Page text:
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Friday, January 6, 2012

A soft place to fall.

As far back as I can remember I have been a sounding board.  By this, I mean that friends, family and even strangers confide in me.  I clearly remember being in preschool when the boy sitting next to me spilled his gut over the anguish he was feeling about a fellow student's resistance to share any other crayon then the white one.  We all knew that the white crayon didn't work, and it hurt his feelings.  I listened, and traded my crayon with his and made a nice invisible drawing on white paper.  In grade school I needed tutoring and by the end of the hour, I knew more than I cared to about the teacher including her spouses name and husband's daily ritual of leaving the shampoo lid open in the shower.
Cyber space isn't big enough for all the information I have soaked up in my sponge.  My problem is, is that I cannot just wring out everything I have heard.  When I was 13  a my "boyfriend" told me that he loved my eyes because they reminded him of  big brown cozy sofas.  I think he was right, and so comfortable that people see them and want to take a load off on my face. And they do.  It can range from useless information from the checkout person, to a deeply personal crisis from the Starbucks lady.  My mother has told me it is a gift, but if that is the case, there are days I would like to return it.  Is there a group for over-empathic's? If not, I may start one, but then again we may never leave the church basement.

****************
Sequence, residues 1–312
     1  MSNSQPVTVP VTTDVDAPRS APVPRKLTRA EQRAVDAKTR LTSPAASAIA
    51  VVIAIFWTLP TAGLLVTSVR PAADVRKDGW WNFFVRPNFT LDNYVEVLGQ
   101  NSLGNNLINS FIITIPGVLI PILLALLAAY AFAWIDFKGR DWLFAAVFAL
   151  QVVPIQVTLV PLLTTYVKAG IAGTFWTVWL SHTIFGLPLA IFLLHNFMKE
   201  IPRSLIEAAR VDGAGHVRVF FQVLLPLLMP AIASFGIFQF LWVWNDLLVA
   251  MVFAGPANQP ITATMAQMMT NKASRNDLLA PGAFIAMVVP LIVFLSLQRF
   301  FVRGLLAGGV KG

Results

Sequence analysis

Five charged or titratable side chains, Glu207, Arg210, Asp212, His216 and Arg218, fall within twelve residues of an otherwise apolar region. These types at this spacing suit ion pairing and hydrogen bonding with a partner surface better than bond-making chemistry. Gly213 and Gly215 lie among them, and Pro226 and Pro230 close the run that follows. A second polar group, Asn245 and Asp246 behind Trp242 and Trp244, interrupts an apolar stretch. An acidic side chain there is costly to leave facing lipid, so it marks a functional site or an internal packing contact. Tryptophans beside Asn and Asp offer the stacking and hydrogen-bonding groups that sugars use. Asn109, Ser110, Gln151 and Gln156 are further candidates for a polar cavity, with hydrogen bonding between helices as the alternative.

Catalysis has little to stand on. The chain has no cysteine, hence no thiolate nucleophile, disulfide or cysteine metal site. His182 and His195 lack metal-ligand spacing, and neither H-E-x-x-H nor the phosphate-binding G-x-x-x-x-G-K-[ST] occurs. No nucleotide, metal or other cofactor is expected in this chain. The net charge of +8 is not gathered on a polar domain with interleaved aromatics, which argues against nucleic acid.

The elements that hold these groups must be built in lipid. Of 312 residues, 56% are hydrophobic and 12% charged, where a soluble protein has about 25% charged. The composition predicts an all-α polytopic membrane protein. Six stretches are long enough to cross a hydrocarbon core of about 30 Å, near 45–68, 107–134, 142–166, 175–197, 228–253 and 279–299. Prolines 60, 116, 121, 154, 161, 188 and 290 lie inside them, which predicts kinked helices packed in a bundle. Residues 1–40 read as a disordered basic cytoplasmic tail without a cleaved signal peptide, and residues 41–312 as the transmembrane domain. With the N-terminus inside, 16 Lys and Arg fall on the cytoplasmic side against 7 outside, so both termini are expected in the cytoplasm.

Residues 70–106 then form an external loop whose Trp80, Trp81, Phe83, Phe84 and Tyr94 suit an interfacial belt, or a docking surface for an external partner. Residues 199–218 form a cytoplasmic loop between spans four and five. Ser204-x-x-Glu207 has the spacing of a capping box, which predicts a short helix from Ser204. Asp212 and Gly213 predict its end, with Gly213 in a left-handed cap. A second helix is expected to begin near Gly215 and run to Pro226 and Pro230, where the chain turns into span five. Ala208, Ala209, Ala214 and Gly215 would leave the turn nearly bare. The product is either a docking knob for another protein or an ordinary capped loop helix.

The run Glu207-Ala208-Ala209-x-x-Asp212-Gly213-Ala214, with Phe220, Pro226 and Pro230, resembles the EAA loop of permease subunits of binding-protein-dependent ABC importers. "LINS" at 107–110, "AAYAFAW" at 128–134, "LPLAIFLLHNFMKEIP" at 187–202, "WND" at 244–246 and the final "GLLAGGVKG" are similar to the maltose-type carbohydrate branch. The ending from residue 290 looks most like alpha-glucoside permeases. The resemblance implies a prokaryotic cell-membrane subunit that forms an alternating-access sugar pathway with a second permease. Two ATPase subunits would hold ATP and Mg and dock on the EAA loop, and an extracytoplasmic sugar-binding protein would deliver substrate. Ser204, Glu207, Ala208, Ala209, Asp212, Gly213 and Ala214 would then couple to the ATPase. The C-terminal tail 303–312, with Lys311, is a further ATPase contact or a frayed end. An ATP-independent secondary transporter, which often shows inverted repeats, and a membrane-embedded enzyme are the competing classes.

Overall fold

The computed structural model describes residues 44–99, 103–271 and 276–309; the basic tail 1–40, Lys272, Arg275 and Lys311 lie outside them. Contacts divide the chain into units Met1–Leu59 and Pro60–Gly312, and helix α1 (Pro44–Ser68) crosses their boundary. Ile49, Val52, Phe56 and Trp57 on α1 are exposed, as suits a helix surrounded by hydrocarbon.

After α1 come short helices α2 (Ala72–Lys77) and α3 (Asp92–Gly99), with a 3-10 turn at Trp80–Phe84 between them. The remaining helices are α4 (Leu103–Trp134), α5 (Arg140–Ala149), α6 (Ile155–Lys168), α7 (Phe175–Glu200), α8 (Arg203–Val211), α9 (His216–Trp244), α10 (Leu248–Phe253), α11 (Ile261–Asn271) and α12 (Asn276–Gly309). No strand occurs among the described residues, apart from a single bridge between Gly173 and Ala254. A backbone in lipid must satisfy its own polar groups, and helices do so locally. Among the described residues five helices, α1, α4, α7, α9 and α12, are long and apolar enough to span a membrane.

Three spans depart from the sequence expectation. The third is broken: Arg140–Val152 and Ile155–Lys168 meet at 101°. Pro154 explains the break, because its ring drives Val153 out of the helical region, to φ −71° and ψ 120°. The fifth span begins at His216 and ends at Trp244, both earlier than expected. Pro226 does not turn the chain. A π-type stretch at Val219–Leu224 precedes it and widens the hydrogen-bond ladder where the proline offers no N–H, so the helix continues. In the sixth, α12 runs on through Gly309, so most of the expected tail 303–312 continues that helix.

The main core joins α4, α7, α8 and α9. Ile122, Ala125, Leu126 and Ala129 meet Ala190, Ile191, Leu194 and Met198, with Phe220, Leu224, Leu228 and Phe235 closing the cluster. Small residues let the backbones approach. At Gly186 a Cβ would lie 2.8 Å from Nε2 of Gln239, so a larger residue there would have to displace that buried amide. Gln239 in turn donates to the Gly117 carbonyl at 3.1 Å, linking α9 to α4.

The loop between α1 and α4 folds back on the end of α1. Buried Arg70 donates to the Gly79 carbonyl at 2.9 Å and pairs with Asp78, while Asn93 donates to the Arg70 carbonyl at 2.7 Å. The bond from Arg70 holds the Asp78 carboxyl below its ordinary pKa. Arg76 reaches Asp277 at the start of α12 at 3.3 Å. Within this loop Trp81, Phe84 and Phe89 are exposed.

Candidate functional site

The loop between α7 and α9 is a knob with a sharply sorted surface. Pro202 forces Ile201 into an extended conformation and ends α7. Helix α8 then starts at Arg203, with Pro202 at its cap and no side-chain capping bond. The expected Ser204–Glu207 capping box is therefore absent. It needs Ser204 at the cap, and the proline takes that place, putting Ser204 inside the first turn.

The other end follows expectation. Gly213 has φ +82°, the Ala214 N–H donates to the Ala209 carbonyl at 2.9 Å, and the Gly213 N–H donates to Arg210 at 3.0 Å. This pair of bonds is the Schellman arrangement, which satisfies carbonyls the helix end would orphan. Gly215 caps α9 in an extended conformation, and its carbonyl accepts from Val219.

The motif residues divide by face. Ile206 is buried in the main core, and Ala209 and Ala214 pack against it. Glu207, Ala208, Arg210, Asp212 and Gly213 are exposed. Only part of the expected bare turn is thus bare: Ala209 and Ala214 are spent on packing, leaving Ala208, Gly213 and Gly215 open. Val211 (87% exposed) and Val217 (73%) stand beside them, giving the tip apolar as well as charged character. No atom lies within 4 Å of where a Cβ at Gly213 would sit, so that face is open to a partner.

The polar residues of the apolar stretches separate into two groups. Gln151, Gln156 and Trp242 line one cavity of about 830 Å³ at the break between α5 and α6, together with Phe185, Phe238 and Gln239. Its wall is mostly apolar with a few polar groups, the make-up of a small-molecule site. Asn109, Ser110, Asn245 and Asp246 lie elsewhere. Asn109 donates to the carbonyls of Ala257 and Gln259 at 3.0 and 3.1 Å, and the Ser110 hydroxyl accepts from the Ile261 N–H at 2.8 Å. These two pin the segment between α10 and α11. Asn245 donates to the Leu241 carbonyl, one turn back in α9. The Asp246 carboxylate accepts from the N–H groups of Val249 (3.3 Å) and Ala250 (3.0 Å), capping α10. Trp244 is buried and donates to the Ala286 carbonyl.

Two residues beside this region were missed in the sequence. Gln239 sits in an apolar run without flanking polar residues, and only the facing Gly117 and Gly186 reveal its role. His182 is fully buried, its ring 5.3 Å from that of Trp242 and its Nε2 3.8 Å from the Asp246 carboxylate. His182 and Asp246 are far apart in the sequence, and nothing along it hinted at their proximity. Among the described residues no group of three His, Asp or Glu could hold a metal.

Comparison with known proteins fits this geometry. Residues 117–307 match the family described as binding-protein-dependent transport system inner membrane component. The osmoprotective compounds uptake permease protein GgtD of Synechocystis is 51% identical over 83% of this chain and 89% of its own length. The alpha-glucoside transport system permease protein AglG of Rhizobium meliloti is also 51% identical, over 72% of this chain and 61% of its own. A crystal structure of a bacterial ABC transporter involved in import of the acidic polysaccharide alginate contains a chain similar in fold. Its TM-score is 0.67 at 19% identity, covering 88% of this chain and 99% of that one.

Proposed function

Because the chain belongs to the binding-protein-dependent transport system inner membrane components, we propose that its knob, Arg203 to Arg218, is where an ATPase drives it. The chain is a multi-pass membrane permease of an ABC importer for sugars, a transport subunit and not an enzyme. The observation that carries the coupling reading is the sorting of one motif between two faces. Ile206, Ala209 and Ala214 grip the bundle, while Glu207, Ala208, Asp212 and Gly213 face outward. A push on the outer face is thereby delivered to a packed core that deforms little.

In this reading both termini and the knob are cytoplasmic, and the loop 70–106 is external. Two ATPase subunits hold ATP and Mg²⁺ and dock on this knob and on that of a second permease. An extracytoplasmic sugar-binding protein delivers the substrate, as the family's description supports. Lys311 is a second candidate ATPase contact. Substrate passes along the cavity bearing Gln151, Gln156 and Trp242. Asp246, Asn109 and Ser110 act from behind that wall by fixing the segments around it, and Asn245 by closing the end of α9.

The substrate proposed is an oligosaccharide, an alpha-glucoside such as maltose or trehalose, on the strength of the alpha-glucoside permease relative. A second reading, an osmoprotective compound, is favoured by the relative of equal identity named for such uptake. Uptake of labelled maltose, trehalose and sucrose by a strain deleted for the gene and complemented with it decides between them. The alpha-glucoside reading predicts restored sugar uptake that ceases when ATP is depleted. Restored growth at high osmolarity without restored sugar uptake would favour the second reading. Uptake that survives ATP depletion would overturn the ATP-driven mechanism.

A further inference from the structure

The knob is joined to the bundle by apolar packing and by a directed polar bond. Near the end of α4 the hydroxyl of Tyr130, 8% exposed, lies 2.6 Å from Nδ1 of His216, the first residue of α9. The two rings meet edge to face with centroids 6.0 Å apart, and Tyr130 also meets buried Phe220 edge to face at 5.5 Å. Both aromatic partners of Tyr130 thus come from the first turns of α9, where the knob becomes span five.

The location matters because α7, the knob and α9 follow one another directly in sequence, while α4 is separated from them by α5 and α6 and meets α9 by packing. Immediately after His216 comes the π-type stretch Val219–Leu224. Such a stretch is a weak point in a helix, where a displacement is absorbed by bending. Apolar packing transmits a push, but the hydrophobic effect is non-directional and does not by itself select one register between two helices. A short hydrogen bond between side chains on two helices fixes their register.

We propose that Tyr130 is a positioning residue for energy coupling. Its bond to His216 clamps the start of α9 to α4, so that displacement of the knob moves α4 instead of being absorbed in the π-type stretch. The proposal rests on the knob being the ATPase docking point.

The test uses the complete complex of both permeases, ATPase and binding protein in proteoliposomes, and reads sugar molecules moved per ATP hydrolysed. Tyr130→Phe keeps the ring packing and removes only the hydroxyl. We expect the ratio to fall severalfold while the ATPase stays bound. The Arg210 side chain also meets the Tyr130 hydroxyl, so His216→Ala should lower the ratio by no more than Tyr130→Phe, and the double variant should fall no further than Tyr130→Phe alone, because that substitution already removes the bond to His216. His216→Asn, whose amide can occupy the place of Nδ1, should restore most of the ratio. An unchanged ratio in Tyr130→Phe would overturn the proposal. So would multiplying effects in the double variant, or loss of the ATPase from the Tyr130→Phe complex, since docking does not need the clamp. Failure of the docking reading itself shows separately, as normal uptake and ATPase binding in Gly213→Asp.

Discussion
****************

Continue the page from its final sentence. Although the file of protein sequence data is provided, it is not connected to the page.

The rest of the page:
Just today (and its only noon) I have had an email therapy session with a friend, heard about a my son's pre-school teacher's struggle with dyslexia, my mom's distress over her friend who is old and dying and her kids won't care for her, (my mom also needed cell phone assistance to set her phone to vibrate). An exhausted friend sought "veteran" mother advice because her son won't sleep through the night.  A co-worker who was at the receiving end of our bosses wrath needed reassurance that he did not deserve it. The lady who walked in ahead of me this morning shared her distain for the sidewalk salt and lastly I listened to a friend who just two months ago lost her 11 year old daughter.